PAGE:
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We've got $G=U(\mathbb Z/(27)\mathbb Z)=\langle 2 \rangle$ a cyclic group, and $H=\langle -8, -1 \rangle$ a subgroup of $G$. I've calculated all the subgroups of $G$. Now I have to indentify $H$ with a subgroup of $G$, without calculating all the elements of $H$.


So I think that I can see clearly that $H$ is equal to the subgroup $\langle 8 \rangle =\{8,10,-1,-8,-10,1\}$, but as the problem says that I can't calculate all the elements of H to solve this problem, I don't know how can I justify that H is equal to $\langle 8 \rangle$. How can I do it?

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$G\cong\Bbb Z_{18}$. The subgroups are all cyclic, of orders $1,2,3,6,9$ and $18$. But $H$ has an element of order two ($-1$). Thus its order is even. But the order of $H$ is greater than $2$, since it contains $1,-1,-8$.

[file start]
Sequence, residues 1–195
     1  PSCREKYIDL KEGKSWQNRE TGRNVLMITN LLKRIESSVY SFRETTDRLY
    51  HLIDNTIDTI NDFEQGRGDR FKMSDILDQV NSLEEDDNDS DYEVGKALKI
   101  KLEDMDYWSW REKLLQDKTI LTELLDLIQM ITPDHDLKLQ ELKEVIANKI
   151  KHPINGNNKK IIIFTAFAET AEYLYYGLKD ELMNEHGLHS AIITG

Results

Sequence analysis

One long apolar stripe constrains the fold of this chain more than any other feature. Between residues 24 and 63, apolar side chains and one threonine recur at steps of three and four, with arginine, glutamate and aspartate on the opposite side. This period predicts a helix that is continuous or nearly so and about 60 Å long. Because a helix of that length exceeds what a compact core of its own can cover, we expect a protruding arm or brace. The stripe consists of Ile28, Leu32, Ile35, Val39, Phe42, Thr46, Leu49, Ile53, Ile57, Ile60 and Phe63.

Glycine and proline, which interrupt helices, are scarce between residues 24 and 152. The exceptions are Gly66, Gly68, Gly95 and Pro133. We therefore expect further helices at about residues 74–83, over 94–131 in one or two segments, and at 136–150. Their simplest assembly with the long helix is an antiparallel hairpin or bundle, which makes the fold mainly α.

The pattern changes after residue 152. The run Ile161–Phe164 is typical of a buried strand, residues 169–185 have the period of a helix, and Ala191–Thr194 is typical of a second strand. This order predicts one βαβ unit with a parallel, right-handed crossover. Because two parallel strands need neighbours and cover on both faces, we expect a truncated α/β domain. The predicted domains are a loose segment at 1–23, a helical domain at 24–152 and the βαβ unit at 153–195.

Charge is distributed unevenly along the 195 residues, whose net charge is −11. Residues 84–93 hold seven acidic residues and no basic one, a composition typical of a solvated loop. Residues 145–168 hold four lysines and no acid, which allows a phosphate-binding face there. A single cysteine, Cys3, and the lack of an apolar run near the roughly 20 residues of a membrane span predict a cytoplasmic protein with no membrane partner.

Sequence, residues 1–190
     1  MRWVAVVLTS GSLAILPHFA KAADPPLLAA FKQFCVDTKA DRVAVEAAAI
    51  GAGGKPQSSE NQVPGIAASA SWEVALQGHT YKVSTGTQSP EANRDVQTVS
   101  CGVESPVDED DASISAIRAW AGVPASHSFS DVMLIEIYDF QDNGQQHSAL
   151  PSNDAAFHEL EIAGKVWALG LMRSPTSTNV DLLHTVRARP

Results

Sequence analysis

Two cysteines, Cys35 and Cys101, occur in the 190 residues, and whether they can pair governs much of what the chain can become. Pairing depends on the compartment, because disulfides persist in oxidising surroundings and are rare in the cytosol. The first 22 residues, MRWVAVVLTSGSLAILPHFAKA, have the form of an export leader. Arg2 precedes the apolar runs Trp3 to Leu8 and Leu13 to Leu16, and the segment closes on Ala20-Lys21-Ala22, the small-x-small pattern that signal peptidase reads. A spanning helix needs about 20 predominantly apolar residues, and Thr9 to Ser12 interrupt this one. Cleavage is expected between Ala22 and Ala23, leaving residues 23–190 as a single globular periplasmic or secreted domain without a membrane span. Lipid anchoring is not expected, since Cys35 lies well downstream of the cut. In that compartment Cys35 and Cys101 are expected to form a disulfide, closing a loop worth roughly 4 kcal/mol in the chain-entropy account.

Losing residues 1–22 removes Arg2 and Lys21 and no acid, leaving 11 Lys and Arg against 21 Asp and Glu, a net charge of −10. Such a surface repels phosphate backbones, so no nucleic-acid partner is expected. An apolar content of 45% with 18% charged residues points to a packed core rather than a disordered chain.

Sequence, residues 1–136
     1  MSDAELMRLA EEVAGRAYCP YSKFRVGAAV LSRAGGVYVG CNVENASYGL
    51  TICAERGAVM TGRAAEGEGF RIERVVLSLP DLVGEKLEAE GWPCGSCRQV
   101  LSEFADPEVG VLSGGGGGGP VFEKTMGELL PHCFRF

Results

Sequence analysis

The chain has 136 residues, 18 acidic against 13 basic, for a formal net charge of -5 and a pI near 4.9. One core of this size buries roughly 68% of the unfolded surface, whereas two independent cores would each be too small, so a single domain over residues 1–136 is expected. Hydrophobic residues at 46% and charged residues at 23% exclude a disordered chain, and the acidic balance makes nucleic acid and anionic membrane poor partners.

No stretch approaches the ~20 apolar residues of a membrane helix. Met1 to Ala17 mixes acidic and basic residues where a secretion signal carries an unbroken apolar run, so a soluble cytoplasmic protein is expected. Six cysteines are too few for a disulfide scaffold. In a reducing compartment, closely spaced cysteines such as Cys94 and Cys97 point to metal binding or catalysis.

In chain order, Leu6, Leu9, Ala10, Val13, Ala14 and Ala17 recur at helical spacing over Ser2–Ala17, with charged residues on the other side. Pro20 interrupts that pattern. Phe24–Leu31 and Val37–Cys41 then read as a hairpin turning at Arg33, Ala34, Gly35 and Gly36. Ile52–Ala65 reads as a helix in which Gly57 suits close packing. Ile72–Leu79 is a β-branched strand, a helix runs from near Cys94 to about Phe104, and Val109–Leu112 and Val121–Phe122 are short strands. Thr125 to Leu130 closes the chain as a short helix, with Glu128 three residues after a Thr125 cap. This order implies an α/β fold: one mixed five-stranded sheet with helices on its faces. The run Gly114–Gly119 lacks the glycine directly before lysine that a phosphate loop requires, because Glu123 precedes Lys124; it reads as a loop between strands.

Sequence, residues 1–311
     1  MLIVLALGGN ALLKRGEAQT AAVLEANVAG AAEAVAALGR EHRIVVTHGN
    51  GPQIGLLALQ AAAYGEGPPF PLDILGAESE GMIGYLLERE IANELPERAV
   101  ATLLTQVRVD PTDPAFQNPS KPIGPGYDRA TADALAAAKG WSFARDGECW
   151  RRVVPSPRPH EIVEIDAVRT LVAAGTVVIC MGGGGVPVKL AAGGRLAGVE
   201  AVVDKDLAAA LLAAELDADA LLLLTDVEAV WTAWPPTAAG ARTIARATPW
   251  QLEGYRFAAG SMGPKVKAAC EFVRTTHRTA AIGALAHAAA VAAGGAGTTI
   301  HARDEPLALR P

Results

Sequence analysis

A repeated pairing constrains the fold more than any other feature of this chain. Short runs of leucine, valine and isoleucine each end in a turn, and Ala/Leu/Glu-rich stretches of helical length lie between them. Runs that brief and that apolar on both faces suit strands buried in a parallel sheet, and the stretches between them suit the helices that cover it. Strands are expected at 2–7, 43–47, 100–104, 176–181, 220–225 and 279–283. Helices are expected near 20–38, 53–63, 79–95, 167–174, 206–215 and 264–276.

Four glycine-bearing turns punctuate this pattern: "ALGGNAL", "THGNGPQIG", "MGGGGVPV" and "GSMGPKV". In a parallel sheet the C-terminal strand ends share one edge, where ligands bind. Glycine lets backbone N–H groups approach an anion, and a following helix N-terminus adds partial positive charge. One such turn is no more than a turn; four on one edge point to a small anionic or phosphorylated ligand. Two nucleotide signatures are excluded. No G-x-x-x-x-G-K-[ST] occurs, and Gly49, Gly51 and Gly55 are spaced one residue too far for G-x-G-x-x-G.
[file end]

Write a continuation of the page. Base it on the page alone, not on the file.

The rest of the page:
Thus it's the subgroup of order $6$, or $G$ itself.

It is not $G$ though: Note that we have $|8|=|2^3|=18/(18,3)=18/3=6$, $|-8|=|2^{12}|=18/(12,18)=3$. And since $G$ is abelian, for any two elements $a,b\in G$, we have $|ab||\operatorname{lcm}(|a|,|b|)$. Thus the maximum order of an element of $H$ is $6$.

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  • $\begingroup$ The order of $-8$ seems to be not equal to the order of $8$. $8=2^3$ has multiplicative order $6$ , but $-8 = 2^{12}$ has multiplicative order $3$. And sorry but I don't understand why $2\notin H$. Can you please explain more? $\endgroup$ – Menezio May 13 '20 at 9:57
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    $\begingroup$ You're right. I have reworked it a little bit. $\endgroup$ – Chris Custer May 13 '20 at 15:03
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We have $|G|=27-9=18$, hence $2^9 = -1$.

Now $H=\langle -8,-1 \rangle = \langle -2^3, 2^9\rangle = \langle 2^9\cdot 2^3, 2^9\rangle = \langle 2^{12},2^9\rangle$.

Now thanks to the Bezout Lemma we have $H=\langle 2^{12},2^9\rangle = \langle 2^3\rangle = \langle 8\rangle$.

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